What is Alkyl Halide?

Alkyl Halide Definition - Chemical compounds that are mostly derived from alkanes containing one or more halogens are alkyl halides, also called haloalkanes. We may also assume that alkyl halides are a subset of the halocarbon general class.


Alkyl halides or haloalkanes are formed by substituting halogen atoms for hydrogen atoms in aliphatic hydrocarbons (Fluorine, chlorine, bromine, or iodine). Any organic precursors such as alkanes, alkenes, or alcohols and carboxylic acids may also be derived from them. Alkyl halides typically contain hydrogen atoms bound to the alkyl groups of sp3 hybridized carbon atoms. Generally, the alkyl halide formula is R-X.


Alkyl Halide Structures

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Primary, Secondary and Tertiary Alkyl Halide 

  1.  If the halogen atom attached to a carbon atom which is further attached to one carbon atom is said to be primary alkyl halide. Example-C2H5Cl

  2. If the halogen atom attached to a carbon atom which is further attached to two carbon atoms is said to be a secondary alkyl halide.

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  1. If the halogen atom attached to a carbon atom which is further attached to three carbon atoms is said to be a tertiary alkyl halide.

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Allylic Halides 

The halogen is bonded to sp3 carbon atoms adjacent to a carbon-carbon double bond.

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Vinylic Halides 

The halogen is attached to an sp2 hybridized carbon atom of a carbon-carbon double atom.

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Nature of C-X Bond

Carbon halogen bond is polarised in nature as halogen atoms are electronegative due to which carbon attain a partial positive charge and halogen attains a partial negative charge.


Physical Properties of Alkyl Halide 

In their pure form, alkyl halides are colourless in nature. On exposure to light, however, bromides and iodides produce colour. The decomposition of halogens in the presence of light is the explanation for the production of colour. Many of the volatile-nature halogen compounds have a sweet smell.


1. Melting Point

The melting point is dependent on the strength of a compound's lattice structure. There are almost identical boiling points in isomeric dihalobenzene, but the difference can be seen in the melting points. Therefore, in the crystal lattice, greater numbers of molecules are compactly packed. Therefore, greater energy is needed to split the lattice structure, thereby increasing the temperature of the compound's melting point.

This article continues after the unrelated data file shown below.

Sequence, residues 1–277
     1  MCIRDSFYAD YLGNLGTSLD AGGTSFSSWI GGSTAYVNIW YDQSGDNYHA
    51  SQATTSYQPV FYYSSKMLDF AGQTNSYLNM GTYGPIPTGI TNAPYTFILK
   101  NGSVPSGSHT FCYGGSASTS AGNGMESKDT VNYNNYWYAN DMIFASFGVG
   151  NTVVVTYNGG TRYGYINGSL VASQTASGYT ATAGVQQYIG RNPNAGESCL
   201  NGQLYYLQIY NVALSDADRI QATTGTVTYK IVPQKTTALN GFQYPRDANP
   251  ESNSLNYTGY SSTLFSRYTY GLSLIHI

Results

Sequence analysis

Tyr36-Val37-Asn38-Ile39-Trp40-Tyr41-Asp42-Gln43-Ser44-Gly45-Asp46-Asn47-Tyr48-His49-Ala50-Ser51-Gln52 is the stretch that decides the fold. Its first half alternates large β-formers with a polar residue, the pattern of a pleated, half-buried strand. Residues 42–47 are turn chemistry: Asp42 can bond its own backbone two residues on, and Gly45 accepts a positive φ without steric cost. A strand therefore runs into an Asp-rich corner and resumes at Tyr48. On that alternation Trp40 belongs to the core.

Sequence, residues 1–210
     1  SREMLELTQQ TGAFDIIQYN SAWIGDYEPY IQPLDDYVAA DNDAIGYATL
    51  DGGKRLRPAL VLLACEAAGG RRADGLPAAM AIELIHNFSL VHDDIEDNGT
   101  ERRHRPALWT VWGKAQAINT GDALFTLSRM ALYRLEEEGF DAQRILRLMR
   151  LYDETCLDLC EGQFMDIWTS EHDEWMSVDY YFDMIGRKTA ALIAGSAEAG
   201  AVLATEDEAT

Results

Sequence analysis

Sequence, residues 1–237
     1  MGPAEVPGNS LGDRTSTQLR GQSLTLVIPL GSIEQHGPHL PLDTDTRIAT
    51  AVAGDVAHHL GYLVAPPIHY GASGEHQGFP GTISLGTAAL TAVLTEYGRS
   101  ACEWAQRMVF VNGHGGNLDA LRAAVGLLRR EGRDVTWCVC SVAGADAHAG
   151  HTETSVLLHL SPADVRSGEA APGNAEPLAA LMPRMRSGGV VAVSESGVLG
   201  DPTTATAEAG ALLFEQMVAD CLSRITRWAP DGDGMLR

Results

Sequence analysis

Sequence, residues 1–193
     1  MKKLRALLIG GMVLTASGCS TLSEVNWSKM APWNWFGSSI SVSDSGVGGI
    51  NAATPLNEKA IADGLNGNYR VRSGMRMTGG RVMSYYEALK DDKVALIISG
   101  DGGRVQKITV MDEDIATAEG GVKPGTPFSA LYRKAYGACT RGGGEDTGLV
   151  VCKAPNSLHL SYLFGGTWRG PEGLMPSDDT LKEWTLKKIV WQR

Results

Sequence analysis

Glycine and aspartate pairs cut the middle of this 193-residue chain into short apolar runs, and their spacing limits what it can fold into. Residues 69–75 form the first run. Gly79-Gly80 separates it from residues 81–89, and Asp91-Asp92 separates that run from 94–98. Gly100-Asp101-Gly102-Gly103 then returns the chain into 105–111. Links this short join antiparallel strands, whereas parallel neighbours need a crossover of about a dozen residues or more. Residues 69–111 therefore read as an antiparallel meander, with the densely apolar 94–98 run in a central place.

2. Boiling Point

The stronger intermolecular attraction forces are due to the dipole-dipole and van der Waals interaction. On the intermolecular forces of attraction, the boiling point of haloalkanes depends. The boiling points of chloride, bromide, and iodide derivatives are also comparatively higher for hydrocarbons of equal molecular mass. As we pass down the group in the homologous chain, the size and molecular mass of halogen members increase, thus creating stronger attraction forces. As we pass down the group in the homologous series, the boiling point therefore increases. 

The boiling point order for alkyl halides is RI > RBr > RCl > RF


3. Density

Density is directly proportional to any compound's mass. Therefore, the density increases as the mass grow down the homologous sequence. Thus, fluorine derivatives are less dense than chlorine derivatives and chlorine derivatives are less dense than bromine derivatives.


4. Solubility

In water, alkyl halides are slightly soluble. Since they are polar compounds, haloalkanes are immiscible with water. For the dissolution of a compound and the breaking of the attractive forces between the halogen and the carbon atom, a comparatively greater amount of energy is needed.


Preparation of Alkyl Halides

There are 4 different types of preparation techniques for Haloalkanes. They include Preparation of Haloalkanes from:

  1. Alcohols

  2. Hydrocarbons

  3. Alkenes by addition of hydrogen halides and halogens

  4. Halogen exchange reaction.


1. From Alcohols

As the main element, an organic compound derivative of the alcohol reacts with halogen acid (H-X) to form haloalkanes.

R-OH+H-X → R-X+H2O


Alcohol Reaction with Halides of Phosphorus (PX₅ or PX₃) 

In the formation of chloroalkanes, Bromo alkanes, and Iodo alkanes, this reaction helps. Phosphorus halides exchange the functional alcohol group (-OH) with the corresponding halides in this reaction. The reaction takes place as follows:

ROH + PCl₅ → RCl + POCL₃ + HCl


Alcohol Reaction with Thionyl Chloride as the Required Reagent 

Among the three alcohol reactions, this reagent is the most favoured and appropriate one. To form alkyl chlorides, alcohol reacts with Thionyl chloride (SOCl2). The by-products produced in this reaction, however, are of a gaseous nature. The by-products can also easily escape into the atmosphere, leaving the alkyl halide pure. This technique assists in the processing of pure alkyl halide.

R-OH+SOCl2 → R-Cl+SO2+HCl


2. Preparation of Haloalkanes from Hydrocarbons

Free radical halogenation - The free radical halogenation reaction makes alkyl bromides and alkyl chloride formation possible. Radicals are, however, very non-selective in nature. In addition, radicals are non-specific and highly reactive intermediates that lead to product mixture formation.